Nine of the best games to play while you listen to a podcast – Destructoid
Multitasking at its finest
When I’m exhausted, my goal with media is to help me shut my brain off so I can relax a bit. One of my favorite ways to do that, I’ve found, is to play games while listening to a podcast, show, or some music at the same time. Do I need to bombard myself with stimuli to shut my brain up so I can breathe for a minute? Who’s to say, but I do know that I think it’s a lot of fun.
At this point I feel like something of a gaming-while-also-listening-to-a-podcast connoisseur, and I’ve tried out a whole bunch of different titles so you don’t have to. Without further ado, here is my list of the best games to play while you’re also listening to something else.
Slay the Spire
Recently, this game has had a chokehold on me. Slay the Spire is a combination of my two favorite sub-genres in games: deckbuilding and roguelikes. It’s one of those games where the more time you put in, the more you’ll get out of it, because you get to know the decks really well and start maximizing your builds. Turn-based gameplay makes it perfect for picking up and putting down any time you want to, and this is also just a well-designed game full of fun surprises that more people need to know about.
So I have around 400 hours in this game, and while that’s because it’s a near-flawless action roguelike, it’s always because it was the perfect activity to keep me engaged while I was listening to my podcast of choice. It’s beyond worth it to play Hades the first time through with the sound on, trust me. Once you get a decent way into the post-game, though, you’ve pretty much heard everything there is to hear, and that’s when a podcast is perfect.
If it ain’t broke, don’t fix it. This is another game I’ve put way too many hours into, and for good reason. The gameplay might feel a bit repetitive to some after a while, but I find the routine relaxing, and the perfect way to keep myself occupied as I listen to, well, whatever I want to listen to. It’s a modern classic of a simulator game, which is a genre that lends itself well to listening to podcasts, music, or shows in the background.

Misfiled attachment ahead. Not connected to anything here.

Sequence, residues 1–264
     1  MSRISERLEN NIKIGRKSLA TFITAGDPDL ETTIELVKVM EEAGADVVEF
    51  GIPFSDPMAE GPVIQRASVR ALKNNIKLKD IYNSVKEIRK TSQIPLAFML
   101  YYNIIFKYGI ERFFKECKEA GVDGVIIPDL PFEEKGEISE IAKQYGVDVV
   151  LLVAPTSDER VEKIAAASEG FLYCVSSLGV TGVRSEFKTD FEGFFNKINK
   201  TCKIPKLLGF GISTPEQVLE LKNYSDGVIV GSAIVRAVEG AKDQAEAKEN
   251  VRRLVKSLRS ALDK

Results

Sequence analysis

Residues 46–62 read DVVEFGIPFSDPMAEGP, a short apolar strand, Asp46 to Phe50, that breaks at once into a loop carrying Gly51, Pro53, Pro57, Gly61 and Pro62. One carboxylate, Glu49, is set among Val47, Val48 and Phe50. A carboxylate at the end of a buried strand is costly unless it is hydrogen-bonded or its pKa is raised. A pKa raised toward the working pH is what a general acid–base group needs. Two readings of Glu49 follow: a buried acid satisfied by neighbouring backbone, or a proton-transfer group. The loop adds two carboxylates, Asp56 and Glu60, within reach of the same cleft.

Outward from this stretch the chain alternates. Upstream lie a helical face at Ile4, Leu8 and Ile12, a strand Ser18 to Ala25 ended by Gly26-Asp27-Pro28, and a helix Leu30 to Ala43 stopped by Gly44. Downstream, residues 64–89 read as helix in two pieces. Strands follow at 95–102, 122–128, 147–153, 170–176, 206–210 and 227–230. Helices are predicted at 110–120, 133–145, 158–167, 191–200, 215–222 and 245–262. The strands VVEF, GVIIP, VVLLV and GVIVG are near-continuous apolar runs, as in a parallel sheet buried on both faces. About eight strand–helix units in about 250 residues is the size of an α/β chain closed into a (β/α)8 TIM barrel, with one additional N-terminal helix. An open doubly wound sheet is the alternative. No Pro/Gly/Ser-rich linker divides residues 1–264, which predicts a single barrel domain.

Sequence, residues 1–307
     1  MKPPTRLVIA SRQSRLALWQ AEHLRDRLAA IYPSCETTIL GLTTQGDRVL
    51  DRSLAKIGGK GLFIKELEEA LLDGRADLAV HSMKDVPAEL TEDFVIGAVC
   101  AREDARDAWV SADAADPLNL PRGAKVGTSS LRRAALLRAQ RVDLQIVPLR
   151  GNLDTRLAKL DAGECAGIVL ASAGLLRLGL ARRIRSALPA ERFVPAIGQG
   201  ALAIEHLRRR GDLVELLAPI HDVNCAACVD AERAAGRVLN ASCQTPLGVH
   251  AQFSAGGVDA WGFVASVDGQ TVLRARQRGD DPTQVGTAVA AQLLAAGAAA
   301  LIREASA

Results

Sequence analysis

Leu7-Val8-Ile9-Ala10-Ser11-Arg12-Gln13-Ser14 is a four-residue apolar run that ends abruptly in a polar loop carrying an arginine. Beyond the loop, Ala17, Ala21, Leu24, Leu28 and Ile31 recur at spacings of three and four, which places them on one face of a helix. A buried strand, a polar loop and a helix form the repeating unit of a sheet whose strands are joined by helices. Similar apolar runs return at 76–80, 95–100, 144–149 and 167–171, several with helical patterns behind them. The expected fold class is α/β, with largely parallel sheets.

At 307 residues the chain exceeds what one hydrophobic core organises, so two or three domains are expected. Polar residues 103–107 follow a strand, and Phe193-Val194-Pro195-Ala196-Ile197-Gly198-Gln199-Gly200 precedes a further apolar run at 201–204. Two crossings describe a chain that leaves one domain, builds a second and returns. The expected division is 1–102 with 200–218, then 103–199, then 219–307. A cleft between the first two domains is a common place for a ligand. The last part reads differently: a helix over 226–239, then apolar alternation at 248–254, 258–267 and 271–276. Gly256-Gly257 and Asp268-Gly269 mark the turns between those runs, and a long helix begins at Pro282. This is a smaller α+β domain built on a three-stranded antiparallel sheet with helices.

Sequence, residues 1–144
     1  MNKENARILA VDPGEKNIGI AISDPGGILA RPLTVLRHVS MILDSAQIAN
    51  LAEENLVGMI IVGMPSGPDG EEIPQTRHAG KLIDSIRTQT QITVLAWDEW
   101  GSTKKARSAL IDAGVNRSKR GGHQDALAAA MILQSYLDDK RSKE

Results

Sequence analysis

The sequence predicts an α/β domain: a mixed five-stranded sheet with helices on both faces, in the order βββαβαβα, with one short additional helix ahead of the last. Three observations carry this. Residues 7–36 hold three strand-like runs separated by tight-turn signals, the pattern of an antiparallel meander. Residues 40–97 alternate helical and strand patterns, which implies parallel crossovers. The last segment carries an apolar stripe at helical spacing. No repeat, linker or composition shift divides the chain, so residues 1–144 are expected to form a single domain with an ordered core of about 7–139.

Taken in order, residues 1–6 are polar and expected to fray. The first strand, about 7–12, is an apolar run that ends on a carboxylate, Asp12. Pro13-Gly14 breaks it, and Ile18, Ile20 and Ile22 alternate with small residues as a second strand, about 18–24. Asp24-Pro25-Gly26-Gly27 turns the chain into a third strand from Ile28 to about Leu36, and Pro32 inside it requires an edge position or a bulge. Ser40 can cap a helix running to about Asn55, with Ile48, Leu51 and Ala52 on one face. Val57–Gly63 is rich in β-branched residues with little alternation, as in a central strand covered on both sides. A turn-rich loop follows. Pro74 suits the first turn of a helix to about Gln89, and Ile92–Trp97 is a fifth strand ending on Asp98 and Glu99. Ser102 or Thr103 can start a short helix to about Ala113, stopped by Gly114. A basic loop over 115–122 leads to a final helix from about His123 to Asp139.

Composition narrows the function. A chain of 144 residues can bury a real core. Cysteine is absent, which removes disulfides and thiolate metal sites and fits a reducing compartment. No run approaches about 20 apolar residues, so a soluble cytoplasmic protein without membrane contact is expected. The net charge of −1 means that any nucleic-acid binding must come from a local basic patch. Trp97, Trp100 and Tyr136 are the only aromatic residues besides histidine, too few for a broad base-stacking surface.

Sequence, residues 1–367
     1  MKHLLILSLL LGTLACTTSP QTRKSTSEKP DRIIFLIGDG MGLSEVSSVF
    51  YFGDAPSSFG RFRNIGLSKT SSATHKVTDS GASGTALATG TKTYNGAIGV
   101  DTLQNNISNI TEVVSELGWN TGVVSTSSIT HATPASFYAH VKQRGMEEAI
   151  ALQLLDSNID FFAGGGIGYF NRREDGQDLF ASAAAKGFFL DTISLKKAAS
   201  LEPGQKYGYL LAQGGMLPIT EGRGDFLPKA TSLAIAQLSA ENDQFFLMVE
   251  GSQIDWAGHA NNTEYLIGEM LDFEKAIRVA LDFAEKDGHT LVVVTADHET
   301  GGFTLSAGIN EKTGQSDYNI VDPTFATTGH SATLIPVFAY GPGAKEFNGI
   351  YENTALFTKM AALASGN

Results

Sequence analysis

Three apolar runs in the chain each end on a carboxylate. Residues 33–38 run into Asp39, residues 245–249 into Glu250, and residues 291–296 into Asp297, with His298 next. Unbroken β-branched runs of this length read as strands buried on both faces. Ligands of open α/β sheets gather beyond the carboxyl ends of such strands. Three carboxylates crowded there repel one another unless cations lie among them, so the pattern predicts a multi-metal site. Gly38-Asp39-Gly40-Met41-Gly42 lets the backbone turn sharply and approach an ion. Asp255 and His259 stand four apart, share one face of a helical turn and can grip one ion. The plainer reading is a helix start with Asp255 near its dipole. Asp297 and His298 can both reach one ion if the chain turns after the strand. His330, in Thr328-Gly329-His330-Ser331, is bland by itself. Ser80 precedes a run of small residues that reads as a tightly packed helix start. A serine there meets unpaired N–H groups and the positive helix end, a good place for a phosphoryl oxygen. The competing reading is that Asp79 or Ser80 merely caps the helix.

Shadow of the Colossus
I definitely recommend playing this one the first time through with the sound on, because it’s one of the most iconic soundtracks in all of gaming. In any subsequent playthroughs, though, this is a perfect game to use to pass the time. It has a much slower pace than more recent entries in the open-world action-adventure genre, which means it’s a great option while you’re traversing its expansive world. You might need to pause and concentrate during the boss fights, though.
A classic mistake while trying to beat an especially difficult Mario Maker level is to think too hard, or as my Southern grandma would have said, to work yourself into a lather. I find that listening to something else while I’m trying to beat a game that’s giving me trouble can be really helpful, because it keeps me from overthinking things, and distracts me just enough to get the job done.
The Binding of Isaac
I honestly prefer to play Binding of Isaac this way, because I find the sound design to be pretty grating. I know it’s supposed to be like that, but that doesn’t make it any more enjoyable. It’s another roguelike, which means it can be played in perfect bite-sized bits, and isn’t so overwhelming that you’ll miss whatever your podcast hosts of choice are talking about.
This goes for most racing games, but Forza can be a great way to keep yourself busy while listening to a podcast. Like a Hades or Cuphead, it’s a real-time game so you’re paying closer attention, and it’s easy to get into a flow state. I’ve found that paying attention to someone talking actually helps me play better, because I’m not overthinking what I’m doing.
Strategy games are another great option, because they require that same type of flow state, engaged-but-not-really kind of thing. You reach a point, too, where a lot of stuff is going on its own anyway, so it falls into just the right level of attention it requires from you. Civilization, and other like games, also don’t really require the average player to need the sound on, so it’s fine to have any other audio you want going on in the background.
The Mario Maker logic also applies here. I’ve been stuck on the same boss in Cuphead for weeks (again), and having something else to concentrate on helps keep me from getting too frustrated when I keep dying. At this point, it feels more like I need a podcast on to help get me through the game, rather than wanting to just have something on in the background. Either way, it works well for me.